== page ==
This article describes the celebrated ‘dancing procession’ of Echternach in the Grand Duchy of Luxembourg, which traditionally takes place annually on Whit-Tuesday, the 52nd day after Easter.

Sprangprozessioun – Dancing Procession

One of Luxembourg’s most revered and unique tradition is Echternach’s famous Sprangprozessioun (Dancing Procession), whose origin dates back to pagan times and is celebrated on Whit-Tuesday, the 52nd day after Easter.

A most vivid account of its origin is given by Jacques Auguste Simon Collin de Plancy (1793-1887) in a book entitled Legends of the Commandments of God, published in 1864, of which I would like to relate a few significant passages. De Plancy narrates how by the eight century A.D. the greater part of the region around Echternach had embraced the Christian faith; but the people of Echternach remained attached to the worship of the old Gaulish divinities. Good St. Willibrord, (~658-739), came to convert these pagans. Fifteen years before the future saint’s coming, a local young man, more enlightened, had set out with his young wife for a pilgrimage to the Holy Land. His name was Guy [Veith], and according to the honored Lëtzebuergesch tradition of bestowing nicknames, Guy being tall, he was dubbed Laange Veith  (Long, tall Guy). After fifteen years of absence Guy and his bride were believed to be dead, when on Easter-day of 729, Laange Veith reappeared, alone, with a fiddle, in the good city of Echternach.

De Plancy gives the following perceptive description of Laange Veith: ‘He was still, as at his departure, a very tall man, excessively thin and light, a real skeleton, suitably clothed with skin, muscles, and nerves. He had long legs, which the people compared to the props of their vines; immense feet, hands with no end of bony fingers, and a head as long as a winter night, as a wit of the country expressed it. He took enormous strides, or rather leaps; and, in short, was quoted as the most miserable-looking, nimble, and disjointed being ever seen. In spite of all, his expression was pleasing, and his look soft; and, such as he was, he had succeeded in gaining the heart of the young woman who had accompanied him on his pilgrimage, but whom he did not bring back.’

His return however was not welcomed by everybody, especially not by his relatives, who during his absence had divvied up his property. They concocted a plan of accusing him of having killed his wife. To make a long story short, on Whit-Monday, Laange Veith was sentenced, declared guilty and condemned to be hanged the very next day, Whit-Tuesday.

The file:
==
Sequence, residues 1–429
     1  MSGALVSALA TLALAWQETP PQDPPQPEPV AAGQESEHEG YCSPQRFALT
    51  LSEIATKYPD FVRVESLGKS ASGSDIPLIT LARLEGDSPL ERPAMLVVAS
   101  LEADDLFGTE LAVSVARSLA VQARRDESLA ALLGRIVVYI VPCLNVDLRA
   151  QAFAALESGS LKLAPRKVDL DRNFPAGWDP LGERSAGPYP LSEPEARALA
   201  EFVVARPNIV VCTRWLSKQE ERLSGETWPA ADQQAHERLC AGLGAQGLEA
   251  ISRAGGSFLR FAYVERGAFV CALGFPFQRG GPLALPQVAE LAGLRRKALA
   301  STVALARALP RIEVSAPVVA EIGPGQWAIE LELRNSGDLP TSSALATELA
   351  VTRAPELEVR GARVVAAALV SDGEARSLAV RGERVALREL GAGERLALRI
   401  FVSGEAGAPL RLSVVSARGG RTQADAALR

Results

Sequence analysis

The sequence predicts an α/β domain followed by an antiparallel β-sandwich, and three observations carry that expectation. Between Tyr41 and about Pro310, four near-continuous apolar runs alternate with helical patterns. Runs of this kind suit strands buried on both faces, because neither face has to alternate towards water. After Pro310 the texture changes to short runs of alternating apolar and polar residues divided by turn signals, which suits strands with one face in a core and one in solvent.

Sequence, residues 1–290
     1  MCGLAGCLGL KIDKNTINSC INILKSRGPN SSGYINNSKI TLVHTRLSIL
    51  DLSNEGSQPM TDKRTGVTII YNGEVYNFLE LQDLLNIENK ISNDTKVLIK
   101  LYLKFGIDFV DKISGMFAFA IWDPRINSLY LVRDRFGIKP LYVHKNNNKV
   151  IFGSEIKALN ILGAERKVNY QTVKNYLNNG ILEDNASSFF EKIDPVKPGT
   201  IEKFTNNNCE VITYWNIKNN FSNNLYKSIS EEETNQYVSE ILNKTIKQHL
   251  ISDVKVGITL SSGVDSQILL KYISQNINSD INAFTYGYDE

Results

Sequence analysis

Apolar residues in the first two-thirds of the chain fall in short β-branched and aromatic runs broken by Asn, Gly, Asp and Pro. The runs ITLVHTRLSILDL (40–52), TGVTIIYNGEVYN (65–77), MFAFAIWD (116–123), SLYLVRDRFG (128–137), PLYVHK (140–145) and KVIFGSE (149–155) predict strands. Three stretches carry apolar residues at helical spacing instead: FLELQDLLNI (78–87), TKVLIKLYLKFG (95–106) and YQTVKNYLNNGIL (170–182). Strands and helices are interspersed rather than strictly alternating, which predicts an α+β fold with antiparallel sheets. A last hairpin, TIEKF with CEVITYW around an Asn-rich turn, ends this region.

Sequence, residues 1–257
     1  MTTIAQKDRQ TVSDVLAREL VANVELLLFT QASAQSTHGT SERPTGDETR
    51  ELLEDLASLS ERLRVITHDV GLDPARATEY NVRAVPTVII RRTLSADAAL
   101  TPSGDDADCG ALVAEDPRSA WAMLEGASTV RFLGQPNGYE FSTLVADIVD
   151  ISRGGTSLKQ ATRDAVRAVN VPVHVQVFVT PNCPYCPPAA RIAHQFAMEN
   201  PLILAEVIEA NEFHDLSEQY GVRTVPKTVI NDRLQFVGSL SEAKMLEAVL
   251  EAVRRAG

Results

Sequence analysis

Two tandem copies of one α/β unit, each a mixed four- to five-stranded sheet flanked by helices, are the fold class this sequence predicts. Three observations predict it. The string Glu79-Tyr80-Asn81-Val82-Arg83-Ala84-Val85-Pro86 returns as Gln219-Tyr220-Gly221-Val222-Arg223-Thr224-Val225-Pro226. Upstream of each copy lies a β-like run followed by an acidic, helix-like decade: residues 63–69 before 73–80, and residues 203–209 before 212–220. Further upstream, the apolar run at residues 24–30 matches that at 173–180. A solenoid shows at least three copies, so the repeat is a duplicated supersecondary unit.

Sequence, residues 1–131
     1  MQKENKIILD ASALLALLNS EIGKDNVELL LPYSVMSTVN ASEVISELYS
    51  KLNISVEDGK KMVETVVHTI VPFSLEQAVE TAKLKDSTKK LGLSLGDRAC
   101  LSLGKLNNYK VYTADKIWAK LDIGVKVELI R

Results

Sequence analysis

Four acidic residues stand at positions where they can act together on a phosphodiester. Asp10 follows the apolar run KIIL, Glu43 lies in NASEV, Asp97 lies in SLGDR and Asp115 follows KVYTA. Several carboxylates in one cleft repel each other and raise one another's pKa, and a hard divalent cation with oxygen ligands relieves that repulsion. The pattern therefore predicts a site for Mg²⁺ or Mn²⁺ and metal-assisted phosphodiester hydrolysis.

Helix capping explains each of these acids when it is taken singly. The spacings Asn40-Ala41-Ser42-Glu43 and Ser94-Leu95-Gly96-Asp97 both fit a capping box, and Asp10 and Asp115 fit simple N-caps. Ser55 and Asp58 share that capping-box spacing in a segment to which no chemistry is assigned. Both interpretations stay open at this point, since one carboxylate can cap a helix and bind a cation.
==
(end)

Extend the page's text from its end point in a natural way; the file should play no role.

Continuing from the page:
Let us again have de Plancy describe the moment: ‘On Whit-Tuesday, then, in the year 729, at bright mid-day, there arrived, escorted by the executioner and his assistants, at the foot of the hill, on which was built a chapel, now replaced by the church of Echternach, Guy, the fiddler, on his way to death. His bare head let his long hair float in the wind; he walked with an air of indifference; his long arms with difficulty balanced each other; his violin, tied by a woollen riband, was thrown on his back, and the bow hung at his girdle. It was seen, from the motion of his eyes and lips, that he was praying, governed by some inspiration. He stepped in silence up to the middle of the ladder. Then he took his violin, lifted his bow, and resting his bony chin on the beloved instrument, sent forth on the spot, without any prelude, a volume of brilliant notes; executing what would now be called variations upon a popular plaintive air.’

Before long his accusers, the executioner and his assistants, the judges, his relatives, all the bystanders, and even the domestic animals, drawn from their pastures, set themselves to dance. The sound of his violin still lingered long after Laange Veith had disappeared never to be seen again. At sunset, the people retired, sore and exhausted, except Laange Veith’s eighteen relatives who, according to legend, danced for a year around the ladder, without eating or drinking. They had already sunk into the earth up to their knees when good Bishop Willibrord came, took pity on the sinners, and delivered them from their punishment. After a profound sleep of five days, the three principal accusers returned to their senses, acknowledged their crime, made a penitent confession, and died soon after. The other fifteen, it is added, were all their lives troubled with a shaking, which never allowed them to forget their wicked conduct.


© 2009 Fausto Gardini. Jacksonville, Florida

A version of this article was published in the Luxembourg American Gazette
 Vol. 3, Number 2, Spring 2008.

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